And capital flight continues as wealthy Chinese are trying to get their assets on dry land. The People's Bank of China revealed on Sunday that foreign-exchange reserves, after a record plunge of $107.9 billion in December, dropped another $99.5 billion in January to $3.23 trillion, the lowest level in over three years. The PBOC sells these reserves to buy yuan that wealthy Chinese have been selling in order to buy assets denominated in other currencies and situated in other countries… The PBOC is trying to prevent a tailspin of the yuan.
The other major indices in Asia were "mixed" on Monday, after falling last week, when the Nikkei booked a 4.0% loss, despite the negative interest rate absurdity that the Bank of Japan instigated the Friday before. The rally that died after two days made one thing clear: central banks have lost control over stock markets. But on Monday, it finally managed a gain of 1%.
So here is the global bear market tracker. The Dow, though down 13.6%, is the second-best performer. A week ago, it was still the best performer. The Nasdaq, with its 5.4% loss last week and 2.8% so far today, has slipped further down the ladder and is approaching the bear market line, joining three other indexes in that neighborhood. Of the 18 non-US markets on the list, only five are not in a bear market (US markets as of this morning, European markets as of afternoon trading):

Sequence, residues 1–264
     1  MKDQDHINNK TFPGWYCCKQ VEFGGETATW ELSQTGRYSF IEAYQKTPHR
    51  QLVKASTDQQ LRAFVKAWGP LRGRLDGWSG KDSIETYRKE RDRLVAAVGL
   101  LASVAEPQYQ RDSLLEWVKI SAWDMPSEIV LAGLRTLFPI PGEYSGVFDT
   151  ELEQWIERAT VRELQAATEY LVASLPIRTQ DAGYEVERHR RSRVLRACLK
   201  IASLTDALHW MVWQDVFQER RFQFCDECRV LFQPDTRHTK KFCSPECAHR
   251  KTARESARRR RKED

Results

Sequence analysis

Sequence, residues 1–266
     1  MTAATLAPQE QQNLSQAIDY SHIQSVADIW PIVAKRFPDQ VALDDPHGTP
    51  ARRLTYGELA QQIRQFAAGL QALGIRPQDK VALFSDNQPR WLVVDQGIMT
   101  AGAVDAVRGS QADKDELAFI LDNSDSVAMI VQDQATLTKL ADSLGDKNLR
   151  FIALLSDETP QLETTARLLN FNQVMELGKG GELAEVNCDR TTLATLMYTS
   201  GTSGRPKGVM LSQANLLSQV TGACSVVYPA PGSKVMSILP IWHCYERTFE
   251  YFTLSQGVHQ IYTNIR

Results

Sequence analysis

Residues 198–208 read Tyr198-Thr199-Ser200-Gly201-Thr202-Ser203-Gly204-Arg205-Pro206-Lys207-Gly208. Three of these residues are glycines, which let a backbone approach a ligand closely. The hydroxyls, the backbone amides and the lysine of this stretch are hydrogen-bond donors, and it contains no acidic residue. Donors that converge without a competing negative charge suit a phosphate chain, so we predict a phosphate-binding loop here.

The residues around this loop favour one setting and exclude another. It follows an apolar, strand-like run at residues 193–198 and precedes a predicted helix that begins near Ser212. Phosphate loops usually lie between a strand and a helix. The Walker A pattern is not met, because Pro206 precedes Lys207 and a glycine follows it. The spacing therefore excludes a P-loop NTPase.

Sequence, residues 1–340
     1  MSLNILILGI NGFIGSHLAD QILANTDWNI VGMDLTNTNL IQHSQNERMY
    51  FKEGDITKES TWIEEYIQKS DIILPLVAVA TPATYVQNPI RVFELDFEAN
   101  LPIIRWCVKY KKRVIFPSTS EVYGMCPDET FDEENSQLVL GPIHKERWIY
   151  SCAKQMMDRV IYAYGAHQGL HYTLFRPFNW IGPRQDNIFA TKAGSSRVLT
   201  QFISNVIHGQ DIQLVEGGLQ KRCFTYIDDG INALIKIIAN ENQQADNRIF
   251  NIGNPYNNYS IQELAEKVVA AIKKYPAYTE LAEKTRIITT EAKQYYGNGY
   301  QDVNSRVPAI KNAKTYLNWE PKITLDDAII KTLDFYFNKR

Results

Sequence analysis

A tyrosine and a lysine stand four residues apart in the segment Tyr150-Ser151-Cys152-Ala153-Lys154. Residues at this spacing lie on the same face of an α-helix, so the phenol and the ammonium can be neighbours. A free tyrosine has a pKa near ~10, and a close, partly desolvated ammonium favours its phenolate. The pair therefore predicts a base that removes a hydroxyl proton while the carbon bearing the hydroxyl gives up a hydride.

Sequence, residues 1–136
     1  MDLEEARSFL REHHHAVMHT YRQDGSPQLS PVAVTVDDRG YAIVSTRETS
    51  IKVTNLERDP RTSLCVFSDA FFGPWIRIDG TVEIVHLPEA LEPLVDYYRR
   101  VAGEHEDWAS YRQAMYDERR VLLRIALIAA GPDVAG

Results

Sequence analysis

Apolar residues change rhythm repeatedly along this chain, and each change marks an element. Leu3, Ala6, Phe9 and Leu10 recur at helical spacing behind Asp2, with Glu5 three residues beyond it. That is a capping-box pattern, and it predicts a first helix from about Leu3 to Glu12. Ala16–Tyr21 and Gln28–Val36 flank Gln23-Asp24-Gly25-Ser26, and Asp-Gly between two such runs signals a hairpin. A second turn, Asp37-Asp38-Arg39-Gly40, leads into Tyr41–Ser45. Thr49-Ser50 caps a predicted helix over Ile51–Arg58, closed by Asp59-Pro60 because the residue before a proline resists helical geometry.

Clearly, folks are trying to bail out of equities. And they're trying to bail out of junk bonds: CCC-rated junk bonds have plunged and yields have soared to over 20%, just as they'd done during the panic after Lehman.
And folks are piling into government bonds. US Treasuries with longer maturities have been rising and yields have been falling, somewhat ironically, ever since the Fed raised rates in December. The 10-year Treasury yield is now at 1.75%, the lowest since almost exactly a year ago. These babes are hot!
Eurozone government bonds are even hotter, with the German 10-year yield at 0.22% today. Even fiscally challenged Italy gets to borrow 10-year money at 1.70%. But wait… these bonds have plunged today and yields have jumped 14 basis point from 1.56% on Friday. And Spain's debt too has plunged today, with the 10-year yield jumping 11 basis points to 1.76%. It seems investors are getting a little spooked about those two countries.
Alas, the 10-year yield of Japanese Government Bonds is teetering near zero, while any maturity below 10 years wallows in the Bank of Japan's negative yield absurdity.
So we still expect stock markets to rise this week, being firm believers in the principle that nothing goes to heck in a straight line. But as we said, that line could be straighter than we'd expect.
And for US stocks, there has been a sea change, and this time, it's not about oil & gas. Read… What the Heck is Going On in the Stock Market?